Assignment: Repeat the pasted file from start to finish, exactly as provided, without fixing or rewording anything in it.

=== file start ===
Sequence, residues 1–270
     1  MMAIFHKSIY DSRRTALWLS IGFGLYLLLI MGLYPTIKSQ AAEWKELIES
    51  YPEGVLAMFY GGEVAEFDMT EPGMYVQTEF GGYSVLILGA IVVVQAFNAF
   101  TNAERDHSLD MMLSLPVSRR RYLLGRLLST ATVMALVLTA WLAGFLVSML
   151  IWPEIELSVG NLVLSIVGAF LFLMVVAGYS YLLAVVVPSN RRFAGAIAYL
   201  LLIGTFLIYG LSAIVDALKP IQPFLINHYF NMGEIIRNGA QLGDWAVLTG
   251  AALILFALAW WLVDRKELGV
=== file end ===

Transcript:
Sequence, residues 1–270
     1  MMAIFHKSIY DSRRTALWLS IGFGLYLLLI MGLYPTIKSQ AAEWKELIES
    51  YPEGVLAMFY GGEVAEFDMT EPGMYVQTEF GGYSVLILGA IVVVQAFNAF
   101  TNAERDHSLD MMLSLPVSRR RYLLGRLLST ATVMALVLTA WLAGFLVSML
   151  IWPEIELSVG NLVLSIVGAF LFLMVVAGYS YLLAVVVPSN RRFAGAIAYL
   201  LLIGTFLIYG LSAIVDALKP IQPFLINHYF NMGEIIRNGA QLGDWAVLTG
   251  AALILFALAW WLVDRKELGV